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  1. Senior Member
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    #1

    The world should know ...

    Hello,

    In the text, the character, picturing the horrible death of his friend in a firing-chamber, says "the world should know—it never, never will!" which I do not understand because later on they find his charred body so the world will know what happened to him. Can anybody help me to understand?

    Over and over he pictured it. The hideous leap of terror as the doors slid to. The few seconds of stunned incredulity—‘but it can’t happen to me, it can’t, it can’t!’ The delirium of panic and the yellings, poundings with bleeding knuckles. The gradual discomfort, realized with who could say what mental agony as but the merest prelude to the hell to follow. The singeing, smoking clothes, starting out here and there into a racing tracery of sparks; the bursting ecstasy—so long as thought remained—of an intolerable self-pity (the world should know—it never, never will!); then, finally, the peeling, charring flesh, the dying screams, the scrabbling of a grotesque, blind, no long human thing against now almost red-hot steel.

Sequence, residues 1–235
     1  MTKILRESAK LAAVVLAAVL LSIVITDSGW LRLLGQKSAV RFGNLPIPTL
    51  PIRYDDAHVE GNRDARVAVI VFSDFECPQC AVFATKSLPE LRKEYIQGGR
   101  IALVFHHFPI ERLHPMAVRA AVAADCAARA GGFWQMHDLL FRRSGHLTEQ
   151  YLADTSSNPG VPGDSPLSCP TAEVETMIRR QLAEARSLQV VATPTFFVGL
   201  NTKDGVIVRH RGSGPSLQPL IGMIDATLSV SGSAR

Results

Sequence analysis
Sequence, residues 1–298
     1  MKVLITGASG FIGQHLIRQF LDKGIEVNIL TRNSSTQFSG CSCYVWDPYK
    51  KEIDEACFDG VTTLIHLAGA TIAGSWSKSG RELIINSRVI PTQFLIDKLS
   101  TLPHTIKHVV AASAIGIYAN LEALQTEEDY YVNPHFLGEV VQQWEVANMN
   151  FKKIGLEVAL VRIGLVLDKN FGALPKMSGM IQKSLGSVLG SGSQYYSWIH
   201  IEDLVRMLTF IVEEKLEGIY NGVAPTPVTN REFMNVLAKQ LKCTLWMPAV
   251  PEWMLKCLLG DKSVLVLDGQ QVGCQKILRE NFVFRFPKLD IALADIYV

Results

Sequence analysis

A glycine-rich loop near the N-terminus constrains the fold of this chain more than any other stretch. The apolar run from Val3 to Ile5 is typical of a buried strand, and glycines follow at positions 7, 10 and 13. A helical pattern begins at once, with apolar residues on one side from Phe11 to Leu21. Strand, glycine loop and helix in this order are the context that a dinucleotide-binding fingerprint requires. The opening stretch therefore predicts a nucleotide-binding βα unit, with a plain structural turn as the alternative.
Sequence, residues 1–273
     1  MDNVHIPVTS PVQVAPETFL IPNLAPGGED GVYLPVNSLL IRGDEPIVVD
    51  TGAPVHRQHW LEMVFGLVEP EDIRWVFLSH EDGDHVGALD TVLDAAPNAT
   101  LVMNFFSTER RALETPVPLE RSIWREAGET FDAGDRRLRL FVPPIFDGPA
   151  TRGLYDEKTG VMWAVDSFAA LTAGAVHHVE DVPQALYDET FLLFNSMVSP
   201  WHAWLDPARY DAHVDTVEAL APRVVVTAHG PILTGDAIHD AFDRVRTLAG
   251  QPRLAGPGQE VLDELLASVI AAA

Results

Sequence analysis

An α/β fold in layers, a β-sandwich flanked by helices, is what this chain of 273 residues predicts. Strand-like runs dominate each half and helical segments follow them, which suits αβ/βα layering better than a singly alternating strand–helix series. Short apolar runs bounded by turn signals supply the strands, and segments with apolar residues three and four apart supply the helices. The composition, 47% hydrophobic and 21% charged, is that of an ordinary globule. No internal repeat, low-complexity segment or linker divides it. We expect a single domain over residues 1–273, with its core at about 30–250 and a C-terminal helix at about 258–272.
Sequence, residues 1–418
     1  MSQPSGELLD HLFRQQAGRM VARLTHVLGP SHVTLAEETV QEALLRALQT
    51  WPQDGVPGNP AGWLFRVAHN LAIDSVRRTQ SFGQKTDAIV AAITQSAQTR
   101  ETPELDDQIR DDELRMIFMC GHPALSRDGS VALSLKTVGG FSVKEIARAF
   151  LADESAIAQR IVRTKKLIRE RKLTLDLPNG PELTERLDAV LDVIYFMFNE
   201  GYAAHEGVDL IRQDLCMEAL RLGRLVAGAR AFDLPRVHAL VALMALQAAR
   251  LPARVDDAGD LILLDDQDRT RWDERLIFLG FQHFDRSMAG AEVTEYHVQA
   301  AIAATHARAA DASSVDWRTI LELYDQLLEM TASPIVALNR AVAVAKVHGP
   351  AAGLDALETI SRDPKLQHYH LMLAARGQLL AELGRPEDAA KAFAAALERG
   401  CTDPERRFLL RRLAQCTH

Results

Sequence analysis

John Metcalfe, The Firing Chamber, 193?

    Thanks a lot
    Not a Teacher

  2. VIP Member
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    #2

    Re: The world should know ...

    The dash replaces ​but.
    I am not a teacher.

  3. Senior Member
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    #3

    Re: The world should know ...

    So does it mean the world should know the self-pity the dying guy felt but it never will know it?
    Not a Teacher

  4. VIP Member
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    #4

    Re: The world should know ...

    Yes, that's how I understand it.
    I am not a teacher.

  5. Editor, UsingEnglish.com
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    #5

    Re: The world should know ...

    Would the poor victim have known that his charred remains would be found, or might he have felt that no one would ever know of his suffering?

  6. Senior Member
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    #6

    Re: The world should know ...

    Yes, he knew they would find him. The incident happened in a factory in a night shift.
    Not a Teacher

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